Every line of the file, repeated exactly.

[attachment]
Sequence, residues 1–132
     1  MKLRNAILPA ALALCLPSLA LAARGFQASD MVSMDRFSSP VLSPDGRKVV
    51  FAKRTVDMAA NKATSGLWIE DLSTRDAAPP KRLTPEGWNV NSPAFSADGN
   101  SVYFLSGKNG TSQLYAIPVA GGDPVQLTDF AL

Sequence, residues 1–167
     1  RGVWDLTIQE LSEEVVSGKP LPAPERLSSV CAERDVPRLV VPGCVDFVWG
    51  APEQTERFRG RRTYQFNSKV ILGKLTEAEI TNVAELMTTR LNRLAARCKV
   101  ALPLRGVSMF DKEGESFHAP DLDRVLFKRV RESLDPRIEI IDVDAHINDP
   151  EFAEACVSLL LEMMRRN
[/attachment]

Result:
Sequence, residues 1–132
     1  MKLRNAILPA ALALCLPSLA LAARGFQASD MVSMDRFSSP VLSPDGRKVV
    51  FAKRTVDMAA NKATSGLWIE DLSTRDAAPP KRLTPEGWNV NSPAFSADGN
   101  SVYFLSGKNG TSQLYAIPVA GGDPVQLTDF AL

Sequence, residues 1–167
     1  RGVWDLTIQE LSEEVVSGKP LPAPERLSSV CAERDVPRLV VPGCVDFVWG
    51  APEQTERFRG RRTYQFNSKV ILGKLTEAEI TNVAELMTTR LNRLAARCKV
   101  ALPLRGVSMF DKEGESFHAP DLDRVLFKRV RESLDPRIEI IDVDAHINDP
   151  EFAEACVSLL LEMMRRN